8. Really well done! Great introduction to the word 'hasbian', just another label, like bisexuality, that has negative connotations because of its sexual fluidity. We change, why can't our sexuality change as well. I love that you call society's labeling an 'obsession' because it totally is, why does everything have to be put into these labels that restrict or confine peoples true desires. And I really agree, who cares who other people love, why is it anyones business and why make a big deal about it. Also I really liked Zach's point about what would the reaction be to a male being bisexual or saying he was attracted to men. I was thinking the same thing while reading your blog, its interesting that we really hear more about women's bisexuality or sexual fluidity rather than men's.

  9. I loved your article. I never thought about bisexuality like that before. I also completely agree with Zach. If the situation was flipped and Brad Pitt admitted to finding men beautiful there would be such a different reaction. Why is it fine for females to recognize other feminine beauty whereas it is completely shocking for another man to recognize masculine beauty?
    It's true that our society is obsessed with labeling things, however I think that there is a difference between being truly bisexual and being attracted to the same sex. Though Angelina Jolie admitted to being attracted to other females, could she truly fall in love with them? Or is it merely lust?

  10. I love how you include the reader by asking questions and supplying us with not only facts but also with your own opinion. Never before have I heard the word "hasbian"; I agree that it comes with a negative connotation towards women who can't "make up their minds." Why do people need to necessarily choose a side they're attracted to? The same goes for men and the bromance. Obviously the men feel some sort of love towards their male companions so why do they need to label it as a bromance in order to ensure to people that they're not gay? Sorry, that was a little off topic but for some reason my mind kind of connected "hasbian" and "bromance". However, I agree with Nellie and what she asked: is Angelina Jolie truly attracted to both females and males equally? It's hard to say, especially when she's married to Brad and has a family with him.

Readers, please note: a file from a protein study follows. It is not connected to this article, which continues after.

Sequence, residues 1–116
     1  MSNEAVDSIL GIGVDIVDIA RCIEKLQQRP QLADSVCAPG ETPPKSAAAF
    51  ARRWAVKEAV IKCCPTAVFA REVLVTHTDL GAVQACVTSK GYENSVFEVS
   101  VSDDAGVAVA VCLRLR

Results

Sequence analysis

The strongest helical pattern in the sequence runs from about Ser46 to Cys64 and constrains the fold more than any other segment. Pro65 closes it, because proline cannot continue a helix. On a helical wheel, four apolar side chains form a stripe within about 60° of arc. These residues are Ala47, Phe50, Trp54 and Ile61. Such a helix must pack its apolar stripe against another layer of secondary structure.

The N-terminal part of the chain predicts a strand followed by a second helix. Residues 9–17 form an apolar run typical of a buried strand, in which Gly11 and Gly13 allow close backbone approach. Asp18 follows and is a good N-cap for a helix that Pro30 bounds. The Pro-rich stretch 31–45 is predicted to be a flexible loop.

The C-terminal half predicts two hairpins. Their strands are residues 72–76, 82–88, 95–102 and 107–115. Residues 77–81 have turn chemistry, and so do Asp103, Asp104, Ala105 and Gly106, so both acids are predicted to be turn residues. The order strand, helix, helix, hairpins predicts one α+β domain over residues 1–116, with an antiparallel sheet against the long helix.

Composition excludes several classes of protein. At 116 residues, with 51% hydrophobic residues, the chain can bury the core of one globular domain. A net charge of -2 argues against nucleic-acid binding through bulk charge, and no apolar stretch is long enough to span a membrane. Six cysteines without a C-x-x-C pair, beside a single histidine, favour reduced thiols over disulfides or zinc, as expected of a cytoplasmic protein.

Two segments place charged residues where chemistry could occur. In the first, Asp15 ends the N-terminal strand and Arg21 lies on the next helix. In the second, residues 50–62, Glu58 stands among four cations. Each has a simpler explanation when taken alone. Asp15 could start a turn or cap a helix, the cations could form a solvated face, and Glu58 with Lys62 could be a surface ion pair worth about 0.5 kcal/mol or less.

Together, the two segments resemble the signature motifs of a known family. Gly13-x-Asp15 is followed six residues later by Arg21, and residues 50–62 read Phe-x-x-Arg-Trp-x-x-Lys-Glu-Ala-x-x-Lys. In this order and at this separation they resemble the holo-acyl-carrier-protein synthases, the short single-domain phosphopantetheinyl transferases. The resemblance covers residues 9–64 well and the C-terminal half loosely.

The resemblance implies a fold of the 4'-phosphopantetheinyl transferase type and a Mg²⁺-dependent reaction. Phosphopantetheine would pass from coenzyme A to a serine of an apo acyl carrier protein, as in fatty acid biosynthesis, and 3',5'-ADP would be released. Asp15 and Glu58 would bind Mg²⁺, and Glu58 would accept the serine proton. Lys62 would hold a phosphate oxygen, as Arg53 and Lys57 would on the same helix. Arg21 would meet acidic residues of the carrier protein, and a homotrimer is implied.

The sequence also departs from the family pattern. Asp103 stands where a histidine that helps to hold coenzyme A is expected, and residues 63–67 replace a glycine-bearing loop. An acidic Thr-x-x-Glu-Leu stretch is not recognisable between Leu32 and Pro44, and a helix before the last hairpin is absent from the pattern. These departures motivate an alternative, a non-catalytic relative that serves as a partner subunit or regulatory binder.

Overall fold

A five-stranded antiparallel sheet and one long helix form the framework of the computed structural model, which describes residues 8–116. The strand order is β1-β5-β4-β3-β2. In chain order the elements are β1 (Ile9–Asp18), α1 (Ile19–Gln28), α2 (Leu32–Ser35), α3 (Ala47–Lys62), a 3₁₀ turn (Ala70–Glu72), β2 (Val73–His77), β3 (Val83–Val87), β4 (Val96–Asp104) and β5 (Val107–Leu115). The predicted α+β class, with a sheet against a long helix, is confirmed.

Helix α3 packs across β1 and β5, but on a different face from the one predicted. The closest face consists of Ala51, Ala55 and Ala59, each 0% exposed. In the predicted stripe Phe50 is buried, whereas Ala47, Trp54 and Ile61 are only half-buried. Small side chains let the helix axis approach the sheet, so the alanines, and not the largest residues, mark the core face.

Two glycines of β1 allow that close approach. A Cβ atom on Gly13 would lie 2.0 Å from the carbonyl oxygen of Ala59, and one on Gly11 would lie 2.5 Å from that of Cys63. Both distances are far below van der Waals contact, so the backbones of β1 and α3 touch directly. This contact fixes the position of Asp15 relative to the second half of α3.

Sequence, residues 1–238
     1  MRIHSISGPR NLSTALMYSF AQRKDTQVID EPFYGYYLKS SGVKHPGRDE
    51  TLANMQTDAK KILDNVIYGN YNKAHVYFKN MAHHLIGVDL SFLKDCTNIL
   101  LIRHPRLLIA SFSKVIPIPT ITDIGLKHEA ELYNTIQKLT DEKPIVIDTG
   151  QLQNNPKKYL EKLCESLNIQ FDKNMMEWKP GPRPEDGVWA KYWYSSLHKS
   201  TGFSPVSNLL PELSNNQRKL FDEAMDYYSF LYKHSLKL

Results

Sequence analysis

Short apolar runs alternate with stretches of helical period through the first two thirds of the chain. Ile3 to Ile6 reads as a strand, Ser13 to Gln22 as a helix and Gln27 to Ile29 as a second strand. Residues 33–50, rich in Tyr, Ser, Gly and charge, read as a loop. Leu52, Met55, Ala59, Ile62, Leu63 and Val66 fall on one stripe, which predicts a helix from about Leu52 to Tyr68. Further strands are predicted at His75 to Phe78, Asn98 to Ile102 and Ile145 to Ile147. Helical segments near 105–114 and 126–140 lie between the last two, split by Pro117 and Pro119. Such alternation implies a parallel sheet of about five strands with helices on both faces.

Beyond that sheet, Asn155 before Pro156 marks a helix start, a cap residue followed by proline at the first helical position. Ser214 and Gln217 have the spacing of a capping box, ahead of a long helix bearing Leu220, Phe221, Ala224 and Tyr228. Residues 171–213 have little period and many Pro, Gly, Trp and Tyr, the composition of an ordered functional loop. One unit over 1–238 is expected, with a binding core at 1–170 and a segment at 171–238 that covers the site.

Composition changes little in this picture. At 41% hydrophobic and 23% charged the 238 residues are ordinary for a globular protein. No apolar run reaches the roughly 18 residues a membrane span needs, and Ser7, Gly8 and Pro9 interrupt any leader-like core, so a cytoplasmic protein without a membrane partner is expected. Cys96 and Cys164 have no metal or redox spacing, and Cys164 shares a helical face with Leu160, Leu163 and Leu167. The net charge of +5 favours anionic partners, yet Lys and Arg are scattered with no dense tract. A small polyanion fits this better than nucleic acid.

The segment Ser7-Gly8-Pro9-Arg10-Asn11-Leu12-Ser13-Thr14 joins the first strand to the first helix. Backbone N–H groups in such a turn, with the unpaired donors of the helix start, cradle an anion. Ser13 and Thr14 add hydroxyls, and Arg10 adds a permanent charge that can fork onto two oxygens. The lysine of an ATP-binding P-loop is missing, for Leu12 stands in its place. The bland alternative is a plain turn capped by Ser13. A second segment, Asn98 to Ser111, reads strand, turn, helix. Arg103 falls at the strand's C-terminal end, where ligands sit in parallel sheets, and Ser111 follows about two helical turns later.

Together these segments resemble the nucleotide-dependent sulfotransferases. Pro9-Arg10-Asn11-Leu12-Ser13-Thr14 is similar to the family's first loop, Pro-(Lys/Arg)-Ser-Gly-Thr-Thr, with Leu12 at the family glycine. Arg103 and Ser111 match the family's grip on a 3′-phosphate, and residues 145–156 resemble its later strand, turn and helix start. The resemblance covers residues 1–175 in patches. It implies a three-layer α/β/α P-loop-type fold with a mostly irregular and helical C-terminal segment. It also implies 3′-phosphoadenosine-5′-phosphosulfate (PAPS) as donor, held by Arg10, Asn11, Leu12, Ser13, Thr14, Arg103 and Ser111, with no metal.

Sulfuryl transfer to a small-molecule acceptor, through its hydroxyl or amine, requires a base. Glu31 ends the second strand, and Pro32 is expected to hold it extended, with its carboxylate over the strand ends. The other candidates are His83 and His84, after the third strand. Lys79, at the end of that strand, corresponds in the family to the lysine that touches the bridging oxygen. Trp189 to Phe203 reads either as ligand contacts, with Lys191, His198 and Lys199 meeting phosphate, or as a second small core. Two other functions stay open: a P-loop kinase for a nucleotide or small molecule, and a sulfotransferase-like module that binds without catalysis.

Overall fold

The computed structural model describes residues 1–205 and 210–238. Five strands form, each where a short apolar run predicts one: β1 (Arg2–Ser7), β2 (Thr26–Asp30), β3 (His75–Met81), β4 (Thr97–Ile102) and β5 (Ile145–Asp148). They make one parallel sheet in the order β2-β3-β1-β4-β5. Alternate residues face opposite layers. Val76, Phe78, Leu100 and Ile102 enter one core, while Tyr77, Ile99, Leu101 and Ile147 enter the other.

11. Natalie--I loved your comment. Thank you for making it so thorough, it means a lot that you took the time to do that. I don't think anywhere in the article, however, did I say it would be easy to change this part of society. You mentioned that in your perfect world we wouldn't have this labeling and I believe that was, or at least was supposed to be, the point of view I was trying to take on. People are people, it's our nature to put them in to categories. I found it necessary while writing, however, to ask ourselves why we feel the need to do that. This problem will never go away, but potentially changing how some people view this issue is good enough for me as of now.
    Also, you mentioned that the term "sexually fluid" would turn into another label if we did manage to get rid of the others. Again, I don't see it that way. I think we could just deem sexual fluidity as a potential way people might go about their sexuality. We would not be labeling them as sexually fluid, this would just be a term to describe human sexuality as a whole, not just any given person. Thank you for bringing this issue up, however, because I agree that it could easily just become another label.

  12. AbNewb--Thank you! I'm glad you can agree that this obsession is undeniably prominent in our society today. Again, I completely agree with and thank Zach for bringing that point to the table.

  13. nellie.quinn--thank you very much! I appreciate your comment on whether or not people can actually be bisexual. I agree that that is definitely something that needs to be considered here. I think the question is how can we tell the difference? And ultimately, does it even matter? I didn't attach another quote made by Angelina Jolie, but there was one where she openly said she had fallen in love with a woman. In that instance, I would say Angelina is "bisexual."
    KenzieBlue--I'm glad you had never heard the word "hasbian" either! Haha I was worried I would have been the only one and would've ended up looking stupid. Thank you for bringing in "bromance," this article could have easily dealt with the topic of platonic man-love as well.